Dr. Armando McDonald is a Professor of Renewable Materials at the University of Idaho. Time devoted to research (42%), education (42%), and/or extension activities (16%). With over 27 years’ experience in woody biomass derived fuels and biomaterials research and development, and 80 publications in the field. Dr. McDonalds’ group is currently investigating the synthesis of biological thermoplastics from waste streams; production of biofuels from biomass by pyrolysis and gasification/Fischer-Tropsch synthesis; development of durable/weather-resistant biocomposite materials; proteomic studies on xylem (wood) development in confers using an in-vitro culture system; algae biomass and lipid characterization; and biomass conversion into sugars and value added chemicals.
Rick is a 4th generation Eastern Washington resident. He grew up and worked on the family wheat and cattle farm and graduated from Pullman High School & Washington State University. He was hired at WSU in 1994 and became the first operator of the WSU Compost Facility. Rick has managed the WSU compost facility since 2004 and the WSU Waste Management program since 2006. The WSU program currently includes the compost facility, waste to landfill self-haul, recycling, surplus property and medical and bio-waste. Out of 15,325 tons of waste generated by WSU in 2011, 12,233 tons (80%) was diverted from the landfill waste stream through composting or recycling.
Matt is an engineer with 16 years of experience primarily focusing on municipal roadway, water, sewer, and storm improvements. These projects vary in nature from simple roadways to downtown beautifications designed to spur the local economy. He understands how the design and construction of projects impact others and consciously plans his projects for the short and long term benefits of affected businesses and residents. Typically, Matt is involved in all steps of his projects, from conceptual planning and budgeting to securing funding as well as design and construction oversight. Matt is currently the City Engineer in Cascade and Donnelly and strongly supports the City Engineer in McCall.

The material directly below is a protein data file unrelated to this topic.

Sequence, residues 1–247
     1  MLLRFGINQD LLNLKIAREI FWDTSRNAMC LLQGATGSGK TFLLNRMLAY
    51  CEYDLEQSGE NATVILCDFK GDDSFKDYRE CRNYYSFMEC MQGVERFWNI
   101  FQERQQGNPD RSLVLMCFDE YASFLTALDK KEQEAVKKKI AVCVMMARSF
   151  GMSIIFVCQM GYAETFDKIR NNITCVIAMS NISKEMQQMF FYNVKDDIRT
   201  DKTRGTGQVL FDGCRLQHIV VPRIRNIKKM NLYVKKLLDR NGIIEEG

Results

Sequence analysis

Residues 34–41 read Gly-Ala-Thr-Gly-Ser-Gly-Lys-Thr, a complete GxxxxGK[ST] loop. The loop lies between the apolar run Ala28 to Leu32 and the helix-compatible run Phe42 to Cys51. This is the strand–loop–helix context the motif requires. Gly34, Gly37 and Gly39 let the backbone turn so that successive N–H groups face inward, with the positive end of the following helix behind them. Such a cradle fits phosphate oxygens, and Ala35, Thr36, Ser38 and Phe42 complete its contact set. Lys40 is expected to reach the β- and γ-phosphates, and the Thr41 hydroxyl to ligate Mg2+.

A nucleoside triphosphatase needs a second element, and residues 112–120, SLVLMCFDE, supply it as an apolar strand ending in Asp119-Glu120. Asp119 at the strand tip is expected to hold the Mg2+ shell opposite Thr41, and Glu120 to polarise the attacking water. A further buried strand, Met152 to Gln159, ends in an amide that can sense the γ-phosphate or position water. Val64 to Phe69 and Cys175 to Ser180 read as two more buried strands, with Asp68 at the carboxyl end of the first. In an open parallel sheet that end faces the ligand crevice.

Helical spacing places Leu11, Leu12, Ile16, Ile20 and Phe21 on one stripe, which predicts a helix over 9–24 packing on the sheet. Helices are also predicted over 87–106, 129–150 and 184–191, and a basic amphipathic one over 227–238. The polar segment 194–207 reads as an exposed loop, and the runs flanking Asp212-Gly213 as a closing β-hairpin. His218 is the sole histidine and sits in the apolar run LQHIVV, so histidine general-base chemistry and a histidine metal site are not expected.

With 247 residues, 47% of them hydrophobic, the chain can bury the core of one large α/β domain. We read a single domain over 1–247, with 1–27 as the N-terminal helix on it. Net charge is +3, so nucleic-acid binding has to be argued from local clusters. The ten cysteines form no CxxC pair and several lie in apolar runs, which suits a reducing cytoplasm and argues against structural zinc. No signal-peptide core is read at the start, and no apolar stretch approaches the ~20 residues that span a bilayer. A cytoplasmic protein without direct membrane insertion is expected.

Nathan has been the McCall City Engineer since 2010, and has been a registered Professional Engineer in Idaho since 2008. He received his Bachelors of Science in Natural Resource Management from the University of Vermont in 1998 and a Master’s of Science in Environmental Engineering from Virginia Polytechnic and State University in 2005. Highlights of Nathan’s professional career include assisting New England ski resorts with environmental compliance and watershed restoration, land development projects throughout Valley County, Idaho, and implementing public works construction projects in McCall emphasizing multi-modal transportation and environmental design for sensitive lakeshore watersheds.
Gary Austin is an Associate Professor at the University of Idaho in the Landscape Architecture program. His research includes topics related to planning and design of green infrastructure, such as wastewater treatment for small communities using constructed wetlands, open space systems, and planning for biodiversity. He teaches service learning courses that focus on community revitalization. His book, Green Infrastructure: Integrating Human and Ecological Systems, will be published in 2013.
Sid received his BS degree in 1970 with majors in chemistry and physical science and a mathematics minor. Sid worked for a consulting engineering firm in Kalispell, Montana for 10 years, specializing in wastewater treatment plants. During his tenure there, he was involved with 12 different treatment plants and numerous lift stations. He was public works director/city engineer for Whitefish, Montana for 2 ½ years. He has been with the city of Coeur d’Alene since 1986 and has been the wastewater superintendent since 1991. Sid is now entering into his 40th year in the wastewater field. He has been an active member of the Pacific Northwest Clean Water Association for 19 years. Sid has been married for 40 years and has a son and daughter who have sons also. He has served as a trustee of the Coeur d’Alene school district for 10 ½ years.